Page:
Clever Hans was a horse. He lived in the early 1900s, had an article written about him in the New York Times (“Berlin’s Wonderful Horse: He Can Do Almost Everything but Talk“), and has a scientific phenomenon named after him: the Clever Hans Effect.
Why was Hans clever? He could do math – even fractions! He could tell time! He could use a calendar! He could recognize currency! He could tell the difference between musical tones! He could identify people from photographs! He could not only understand German but read and spell it! Basically, clever Hans was smarter than your Honor Roll student. And he was a horse.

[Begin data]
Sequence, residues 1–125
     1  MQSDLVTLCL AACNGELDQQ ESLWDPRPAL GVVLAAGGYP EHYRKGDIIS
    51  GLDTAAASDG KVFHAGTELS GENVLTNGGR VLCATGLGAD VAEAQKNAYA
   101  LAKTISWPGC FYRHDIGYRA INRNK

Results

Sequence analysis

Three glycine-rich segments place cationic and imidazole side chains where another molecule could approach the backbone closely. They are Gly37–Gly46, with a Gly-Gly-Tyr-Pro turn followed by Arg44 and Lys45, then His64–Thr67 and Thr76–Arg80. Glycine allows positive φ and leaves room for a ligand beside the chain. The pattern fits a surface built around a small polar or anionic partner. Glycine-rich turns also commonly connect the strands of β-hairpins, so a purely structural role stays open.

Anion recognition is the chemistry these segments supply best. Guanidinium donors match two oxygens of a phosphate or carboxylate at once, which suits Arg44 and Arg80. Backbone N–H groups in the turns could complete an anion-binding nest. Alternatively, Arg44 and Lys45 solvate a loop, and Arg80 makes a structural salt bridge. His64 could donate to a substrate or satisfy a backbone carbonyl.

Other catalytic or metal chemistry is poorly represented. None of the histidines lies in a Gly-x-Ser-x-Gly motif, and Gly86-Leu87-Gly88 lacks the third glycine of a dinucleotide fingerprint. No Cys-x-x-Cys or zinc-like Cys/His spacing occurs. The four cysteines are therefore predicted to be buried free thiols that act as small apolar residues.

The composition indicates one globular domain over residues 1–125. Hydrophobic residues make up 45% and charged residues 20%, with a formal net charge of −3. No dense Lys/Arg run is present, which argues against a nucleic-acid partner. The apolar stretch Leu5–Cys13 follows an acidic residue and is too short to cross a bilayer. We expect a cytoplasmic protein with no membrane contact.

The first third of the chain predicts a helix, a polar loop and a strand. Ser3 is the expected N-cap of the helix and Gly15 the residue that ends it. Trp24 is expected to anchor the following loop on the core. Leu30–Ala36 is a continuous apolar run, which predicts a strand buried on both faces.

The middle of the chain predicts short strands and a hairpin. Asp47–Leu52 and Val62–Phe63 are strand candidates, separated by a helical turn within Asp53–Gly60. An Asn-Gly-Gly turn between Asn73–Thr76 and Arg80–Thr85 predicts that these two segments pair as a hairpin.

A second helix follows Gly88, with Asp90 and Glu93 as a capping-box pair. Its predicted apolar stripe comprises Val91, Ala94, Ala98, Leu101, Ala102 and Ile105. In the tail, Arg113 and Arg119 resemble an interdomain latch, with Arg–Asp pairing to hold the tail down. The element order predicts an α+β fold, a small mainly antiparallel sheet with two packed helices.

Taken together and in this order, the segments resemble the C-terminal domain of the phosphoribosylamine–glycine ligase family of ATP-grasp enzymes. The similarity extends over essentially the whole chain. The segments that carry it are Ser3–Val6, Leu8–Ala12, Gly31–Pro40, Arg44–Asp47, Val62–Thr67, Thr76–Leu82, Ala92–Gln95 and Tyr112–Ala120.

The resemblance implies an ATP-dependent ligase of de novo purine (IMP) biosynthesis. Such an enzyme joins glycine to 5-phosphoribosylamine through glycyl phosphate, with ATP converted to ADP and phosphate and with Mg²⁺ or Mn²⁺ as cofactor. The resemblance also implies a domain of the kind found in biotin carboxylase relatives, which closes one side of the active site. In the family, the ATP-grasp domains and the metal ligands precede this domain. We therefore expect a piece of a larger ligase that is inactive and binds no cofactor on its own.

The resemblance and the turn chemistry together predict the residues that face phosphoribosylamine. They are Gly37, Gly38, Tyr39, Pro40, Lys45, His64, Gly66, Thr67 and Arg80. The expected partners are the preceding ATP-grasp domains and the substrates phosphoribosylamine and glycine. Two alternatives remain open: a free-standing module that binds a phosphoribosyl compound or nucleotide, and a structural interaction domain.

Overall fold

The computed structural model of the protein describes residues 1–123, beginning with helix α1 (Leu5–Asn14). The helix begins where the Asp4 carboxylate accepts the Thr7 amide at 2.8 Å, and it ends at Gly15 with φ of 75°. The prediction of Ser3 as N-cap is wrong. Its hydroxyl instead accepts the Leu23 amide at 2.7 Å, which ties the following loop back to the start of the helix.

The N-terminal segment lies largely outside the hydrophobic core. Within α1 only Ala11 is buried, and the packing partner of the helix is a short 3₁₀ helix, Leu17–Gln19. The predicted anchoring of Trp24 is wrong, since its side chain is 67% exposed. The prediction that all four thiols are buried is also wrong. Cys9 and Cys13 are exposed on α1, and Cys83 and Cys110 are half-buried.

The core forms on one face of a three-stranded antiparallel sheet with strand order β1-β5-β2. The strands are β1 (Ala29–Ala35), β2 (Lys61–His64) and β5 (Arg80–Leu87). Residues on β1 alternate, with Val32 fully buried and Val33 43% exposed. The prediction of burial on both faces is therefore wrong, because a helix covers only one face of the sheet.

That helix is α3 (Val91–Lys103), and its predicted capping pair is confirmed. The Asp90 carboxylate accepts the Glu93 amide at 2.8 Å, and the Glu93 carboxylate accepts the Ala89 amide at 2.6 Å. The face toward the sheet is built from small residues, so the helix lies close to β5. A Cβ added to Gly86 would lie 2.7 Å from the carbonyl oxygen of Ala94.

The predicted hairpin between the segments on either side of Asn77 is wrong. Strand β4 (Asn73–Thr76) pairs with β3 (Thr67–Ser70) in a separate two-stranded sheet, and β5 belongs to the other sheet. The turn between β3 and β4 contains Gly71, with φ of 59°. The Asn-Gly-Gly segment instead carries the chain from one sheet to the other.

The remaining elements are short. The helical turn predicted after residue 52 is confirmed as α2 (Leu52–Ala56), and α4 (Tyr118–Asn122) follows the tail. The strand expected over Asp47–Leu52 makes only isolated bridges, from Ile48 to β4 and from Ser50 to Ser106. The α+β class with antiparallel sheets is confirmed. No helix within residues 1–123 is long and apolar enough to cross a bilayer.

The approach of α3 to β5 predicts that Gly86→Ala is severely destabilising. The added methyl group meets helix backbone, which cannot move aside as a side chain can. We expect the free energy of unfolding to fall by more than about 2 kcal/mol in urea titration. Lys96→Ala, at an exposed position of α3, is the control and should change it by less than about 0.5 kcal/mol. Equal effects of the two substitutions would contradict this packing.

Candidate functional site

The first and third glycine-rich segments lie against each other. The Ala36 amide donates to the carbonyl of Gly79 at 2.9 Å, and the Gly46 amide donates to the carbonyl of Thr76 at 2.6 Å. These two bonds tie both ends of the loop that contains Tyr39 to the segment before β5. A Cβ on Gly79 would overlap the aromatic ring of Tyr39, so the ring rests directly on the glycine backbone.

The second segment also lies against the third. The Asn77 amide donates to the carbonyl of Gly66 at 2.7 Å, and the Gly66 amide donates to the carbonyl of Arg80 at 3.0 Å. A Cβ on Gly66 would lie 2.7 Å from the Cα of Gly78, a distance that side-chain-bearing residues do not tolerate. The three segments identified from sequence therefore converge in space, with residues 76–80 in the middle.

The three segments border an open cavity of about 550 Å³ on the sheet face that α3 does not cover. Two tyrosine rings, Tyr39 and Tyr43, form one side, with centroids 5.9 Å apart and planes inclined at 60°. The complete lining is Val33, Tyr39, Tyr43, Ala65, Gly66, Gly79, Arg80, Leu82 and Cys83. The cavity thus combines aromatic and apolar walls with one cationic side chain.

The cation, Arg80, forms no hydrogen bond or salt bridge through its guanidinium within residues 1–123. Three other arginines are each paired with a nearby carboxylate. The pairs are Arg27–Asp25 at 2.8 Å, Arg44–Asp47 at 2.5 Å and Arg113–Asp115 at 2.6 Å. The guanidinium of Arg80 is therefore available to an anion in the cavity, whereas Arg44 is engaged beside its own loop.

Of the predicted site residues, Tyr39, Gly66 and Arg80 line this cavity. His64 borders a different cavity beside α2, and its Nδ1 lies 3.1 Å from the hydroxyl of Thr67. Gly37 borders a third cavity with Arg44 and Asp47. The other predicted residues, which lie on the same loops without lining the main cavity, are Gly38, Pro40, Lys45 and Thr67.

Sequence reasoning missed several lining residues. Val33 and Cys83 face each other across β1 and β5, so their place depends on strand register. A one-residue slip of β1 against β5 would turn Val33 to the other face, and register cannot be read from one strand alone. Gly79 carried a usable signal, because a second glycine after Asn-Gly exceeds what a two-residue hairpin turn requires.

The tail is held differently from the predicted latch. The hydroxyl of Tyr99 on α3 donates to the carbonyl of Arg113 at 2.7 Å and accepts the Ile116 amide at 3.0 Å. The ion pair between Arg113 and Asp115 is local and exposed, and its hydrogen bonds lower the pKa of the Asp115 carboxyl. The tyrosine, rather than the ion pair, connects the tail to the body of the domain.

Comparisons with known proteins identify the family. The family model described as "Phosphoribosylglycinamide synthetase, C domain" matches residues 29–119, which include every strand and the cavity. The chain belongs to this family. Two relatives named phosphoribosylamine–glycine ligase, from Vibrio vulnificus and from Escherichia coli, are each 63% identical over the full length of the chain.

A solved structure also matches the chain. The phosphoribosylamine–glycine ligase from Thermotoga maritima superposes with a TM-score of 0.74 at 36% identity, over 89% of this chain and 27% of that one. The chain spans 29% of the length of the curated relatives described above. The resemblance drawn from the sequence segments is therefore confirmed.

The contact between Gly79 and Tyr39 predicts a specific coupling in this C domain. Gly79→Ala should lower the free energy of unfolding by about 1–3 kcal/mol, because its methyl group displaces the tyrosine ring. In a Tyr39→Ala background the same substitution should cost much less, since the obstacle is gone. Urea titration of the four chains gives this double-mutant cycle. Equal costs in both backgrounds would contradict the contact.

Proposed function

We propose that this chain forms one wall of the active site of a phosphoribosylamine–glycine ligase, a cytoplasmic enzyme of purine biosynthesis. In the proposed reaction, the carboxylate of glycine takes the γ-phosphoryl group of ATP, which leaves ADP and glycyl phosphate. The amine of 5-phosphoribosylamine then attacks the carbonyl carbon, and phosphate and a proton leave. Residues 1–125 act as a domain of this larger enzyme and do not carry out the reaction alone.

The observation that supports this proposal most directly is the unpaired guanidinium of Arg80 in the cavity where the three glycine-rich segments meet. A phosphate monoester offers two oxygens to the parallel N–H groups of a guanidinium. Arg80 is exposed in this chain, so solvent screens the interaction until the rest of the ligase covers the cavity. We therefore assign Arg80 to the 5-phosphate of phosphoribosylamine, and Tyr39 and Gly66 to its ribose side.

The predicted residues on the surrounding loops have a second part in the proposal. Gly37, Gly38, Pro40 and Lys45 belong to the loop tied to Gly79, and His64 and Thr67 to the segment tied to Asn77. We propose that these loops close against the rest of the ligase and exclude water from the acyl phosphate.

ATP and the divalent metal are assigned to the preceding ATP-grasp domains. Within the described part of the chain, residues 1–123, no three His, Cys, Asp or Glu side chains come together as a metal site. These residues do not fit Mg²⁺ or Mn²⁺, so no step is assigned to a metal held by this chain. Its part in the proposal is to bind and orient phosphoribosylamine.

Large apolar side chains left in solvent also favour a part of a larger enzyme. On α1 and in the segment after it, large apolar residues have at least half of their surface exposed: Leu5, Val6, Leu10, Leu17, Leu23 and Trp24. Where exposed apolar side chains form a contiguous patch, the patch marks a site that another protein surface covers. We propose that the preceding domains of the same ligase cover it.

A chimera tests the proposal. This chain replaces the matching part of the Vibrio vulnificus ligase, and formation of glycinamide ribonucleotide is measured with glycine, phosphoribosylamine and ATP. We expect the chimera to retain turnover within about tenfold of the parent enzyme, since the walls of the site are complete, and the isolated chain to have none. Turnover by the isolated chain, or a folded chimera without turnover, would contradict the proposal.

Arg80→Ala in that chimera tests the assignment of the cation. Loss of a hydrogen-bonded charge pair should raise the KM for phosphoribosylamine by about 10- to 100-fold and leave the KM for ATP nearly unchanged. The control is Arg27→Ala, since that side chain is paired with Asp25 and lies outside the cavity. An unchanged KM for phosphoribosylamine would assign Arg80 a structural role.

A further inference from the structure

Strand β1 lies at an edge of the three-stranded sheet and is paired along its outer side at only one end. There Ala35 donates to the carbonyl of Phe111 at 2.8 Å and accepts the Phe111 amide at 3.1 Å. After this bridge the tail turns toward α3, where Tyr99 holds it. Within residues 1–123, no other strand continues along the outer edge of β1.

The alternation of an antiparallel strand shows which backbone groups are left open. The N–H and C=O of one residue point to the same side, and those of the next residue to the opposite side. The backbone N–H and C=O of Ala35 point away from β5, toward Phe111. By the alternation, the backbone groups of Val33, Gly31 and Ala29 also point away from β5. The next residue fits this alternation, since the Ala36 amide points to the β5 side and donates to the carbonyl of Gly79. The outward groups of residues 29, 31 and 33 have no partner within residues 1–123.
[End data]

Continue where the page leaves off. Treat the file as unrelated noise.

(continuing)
That seems plausible, right?
Many animals are highly intelligent. For example, I have no doubt that psychologist Irene Pepperberg’s late, great African Grey Parrot Alex could have performed most of clever Hans’ tasks. But, sad to say, clever Hans was a fraud.